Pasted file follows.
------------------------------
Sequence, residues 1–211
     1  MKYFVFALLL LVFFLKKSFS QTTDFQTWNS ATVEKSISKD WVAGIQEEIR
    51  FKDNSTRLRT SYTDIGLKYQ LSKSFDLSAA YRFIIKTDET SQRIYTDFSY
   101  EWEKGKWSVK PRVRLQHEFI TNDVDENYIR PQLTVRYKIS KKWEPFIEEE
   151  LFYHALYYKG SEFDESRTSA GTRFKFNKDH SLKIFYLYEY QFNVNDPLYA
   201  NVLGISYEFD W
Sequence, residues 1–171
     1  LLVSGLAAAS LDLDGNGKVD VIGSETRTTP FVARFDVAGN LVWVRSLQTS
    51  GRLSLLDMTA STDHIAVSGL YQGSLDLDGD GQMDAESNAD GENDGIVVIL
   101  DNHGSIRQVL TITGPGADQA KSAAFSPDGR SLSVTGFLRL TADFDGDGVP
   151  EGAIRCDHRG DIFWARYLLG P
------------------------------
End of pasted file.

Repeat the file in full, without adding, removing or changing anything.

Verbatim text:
Sequence, residues 1–211
     1  MKYFVFALLL LVFFLKKSFS QTTDFQTWNS ATVEKSISKD WVAGIQEEIR
    51  FKDNSTRLRT SYTDIGLKYQ LSKSFDLSAA YRFIIKTDET SQRIYTDFSY
   101  EWEKGKWSVK PRVRLQHEFI TNDVDENYIR PQLTVRYKIS KKWEPFIEEE
   151  LFYHALYYKG SEFDESRTSA GTRFKFNKDH SLKIFYLYEY QFNVNDPLYA
   201  NVLGISYEFD W
Sequence, residues 1–171
     1  LLVSGLAAAS LDLDGNGKVD VIGSETRTTP FVARFDVAGN LVWVRSLQTS
    51  GRLSLLDMTA STDHIAVSGL YQGSLDLDGD GQMDAESNAD GENDGIVVIL
   101  DNHGSIRQVL TITGPGADQA KSAAFSPDGR SLSVTGFLRL TADFDGDGVP
   151  EGAIRCDHRG DIFWARYLLG P